Paul Watson
Mayor of London Boris Johnson says it’s part of an ongoing drive for victims of crime justice Reuters

Criminals are being forced to help clean up war memorials as the mayor of London moves to make justice more transparent.

As part of Boris Johnson's "visible justice" scheme, offenders on Community Payback schemes will be made to visibly repay the public.

Community Payback servers have cleaned five WW1 memorials in Waltham Forest and the Mayor is hoping that other boroughs of London follow suite.

The Deputy Mayor for Policing and Crime Stephen Greenhalgh, said: "Our aim is to make justice in the community more visible and purposeful. As we approach Armistice Day in this, the 100th anniversary of the start of the First World War, it is right that we are making offenders repay their local community by restoring areas of remembrance in commemoration of those who gave their lives for our country.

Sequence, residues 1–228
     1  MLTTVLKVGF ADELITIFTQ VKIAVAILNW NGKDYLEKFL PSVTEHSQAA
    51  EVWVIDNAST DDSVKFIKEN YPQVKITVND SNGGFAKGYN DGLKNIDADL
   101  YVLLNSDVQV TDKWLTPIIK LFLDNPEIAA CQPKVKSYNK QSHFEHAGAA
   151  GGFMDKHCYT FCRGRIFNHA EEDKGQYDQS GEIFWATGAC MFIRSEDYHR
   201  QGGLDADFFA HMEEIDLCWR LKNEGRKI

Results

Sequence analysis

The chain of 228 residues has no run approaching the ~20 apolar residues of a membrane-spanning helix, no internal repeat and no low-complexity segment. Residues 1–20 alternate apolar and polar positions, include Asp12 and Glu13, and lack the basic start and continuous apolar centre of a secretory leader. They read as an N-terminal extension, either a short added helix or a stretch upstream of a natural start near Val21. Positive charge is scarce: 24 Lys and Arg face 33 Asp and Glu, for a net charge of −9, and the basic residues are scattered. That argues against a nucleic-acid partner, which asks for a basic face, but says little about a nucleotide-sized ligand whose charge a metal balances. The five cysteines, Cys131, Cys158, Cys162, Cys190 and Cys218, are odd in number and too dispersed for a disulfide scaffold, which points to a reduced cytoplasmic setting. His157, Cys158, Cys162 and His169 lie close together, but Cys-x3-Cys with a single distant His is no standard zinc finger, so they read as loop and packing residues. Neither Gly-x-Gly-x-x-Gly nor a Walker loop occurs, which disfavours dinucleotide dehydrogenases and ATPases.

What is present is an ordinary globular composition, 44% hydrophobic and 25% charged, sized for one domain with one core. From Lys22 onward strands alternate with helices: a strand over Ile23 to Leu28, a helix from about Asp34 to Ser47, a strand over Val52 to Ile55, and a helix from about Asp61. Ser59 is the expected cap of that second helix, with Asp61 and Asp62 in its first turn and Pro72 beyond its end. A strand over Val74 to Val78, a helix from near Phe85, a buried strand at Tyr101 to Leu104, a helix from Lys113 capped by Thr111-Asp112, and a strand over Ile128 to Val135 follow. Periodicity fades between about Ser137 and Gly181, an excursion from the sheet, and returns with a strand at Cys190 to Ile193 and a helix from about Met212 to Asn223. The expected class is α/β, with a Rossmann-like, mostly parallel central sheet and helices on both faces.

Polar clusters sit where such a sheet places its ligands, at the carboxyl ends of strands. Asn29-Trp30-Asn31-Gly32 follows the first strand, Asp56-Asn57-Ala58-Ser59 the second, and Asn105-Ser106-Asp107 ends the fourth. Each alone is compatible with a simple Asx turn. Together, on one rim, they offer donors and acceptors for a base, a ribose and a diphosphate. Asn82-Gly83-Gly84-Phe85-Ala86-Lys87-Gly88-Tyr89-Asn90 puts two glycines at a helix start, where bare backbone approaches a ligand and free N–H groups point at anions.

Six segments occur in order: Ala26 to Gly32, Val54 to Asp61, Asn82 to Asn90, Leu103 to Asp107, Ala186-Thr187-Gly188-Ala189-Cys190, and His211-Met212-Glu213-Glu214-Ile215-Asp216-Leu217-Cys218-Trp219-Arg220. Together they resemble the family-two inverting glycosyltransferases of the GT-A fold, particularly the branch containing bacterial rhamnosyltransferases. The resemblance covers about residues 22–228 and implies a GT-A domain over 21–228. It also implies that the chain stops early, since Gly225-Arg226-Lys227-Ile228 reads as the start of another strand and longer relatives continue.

"Working with MOPAC, Waltham Forest has set a precedent for the capital in driving this scheme forward and we encourage other boroughs to follow suit."

There was more than 1.3 million hours of community service served last year, but Johnson is now hoping to force more crooks into unpaid work in the form of clearing wasteland and removing graffiti as some of the punishments.

As it stands, 82% of community orders are carried out, but the aim is under Johnson's initiative to get that number up to 92% by 2016 by working with local authorities and London Probation.

The Mayor of London is also hoping to give the victims of the crime more of a say in the punishment of the offenders.